Zumwalt is the inside backer to the top of the screen. His read at the snap is correct, he knows it's a run instantly. The mistake, if you want to call it that, is where he plugs. On this play he has three real options. One option is what he does, plug the gap where the guard is pulling, engage the guard to create a block-up and hope that Kendricks comes in behind him to make the play. A second option is to go further outside of that pulling guard and try to be in position to make a play if Taylor bounces outside, this is the "cowboy" option that looks really bad on film if you don't make a play but you look like a genius with great instincts if you do. I did that one far too often in practices and games as a player. The third option would be to take that first step, settle and keep his feet moving until the play develops more. The third would be the best option on this play, but you can't fault Zumwalt's decision too much. He made a read and reacted to it correctly.

Eric Kendricks

This is the part of the play that gets Taylor to the second level without much trouble. Kendricks, like Zumwalt, reads run right away and does what a linebacker is supposed to do when they see a pulling guard. Once he makes that read, he correctly crosses the face of the lineman in his path and gets to the gap where Taylor should be expected to end up with the ball. The only problem is that Taylor doesn't end up there.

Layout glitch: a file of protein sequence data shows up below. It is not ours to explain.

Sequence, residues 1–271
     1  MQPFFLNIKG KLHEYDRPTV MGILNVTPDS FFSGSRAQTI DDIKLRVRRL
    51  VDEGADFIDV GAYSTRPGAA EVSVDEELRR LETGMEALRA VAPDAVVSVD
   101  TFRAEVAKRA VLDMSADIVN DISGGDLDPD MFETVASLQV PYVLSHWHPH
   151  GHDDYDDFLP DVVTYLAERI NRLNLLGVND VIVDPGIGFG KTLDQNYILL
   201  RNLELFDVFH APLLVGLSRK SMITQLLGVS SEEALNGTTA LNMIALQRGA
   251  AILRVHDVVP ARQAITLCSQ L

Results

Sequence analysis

You cannot really fault the two linebackers on this play. If you see a guard pulling, you trail him and get to the gap he's headed to. That is because 9 times out of 10, that is where the running back is headed as well. The only time the running back won't get there is if the cutback lane is open. And the cutback lane is where this next section will cover.

Defensive Backs:

Andrew Abbott is the biggest factor here. He is responsible for the cutback lane. He does a good job of reading the play, he gets to the line of scrimmage quickly, he is in a decent position to make a play, and if you pause it at :25 seconds, it looks like Abbott is going to make the tackle on Taylor. If you pause it at :26 seconds, it looks even more like that. He just doesn't make it.

It's a weird play that I wish I could see from the end-zone angle because it doesn't make sense in my head that Abbott doesn't even get an attempted tackle on this play.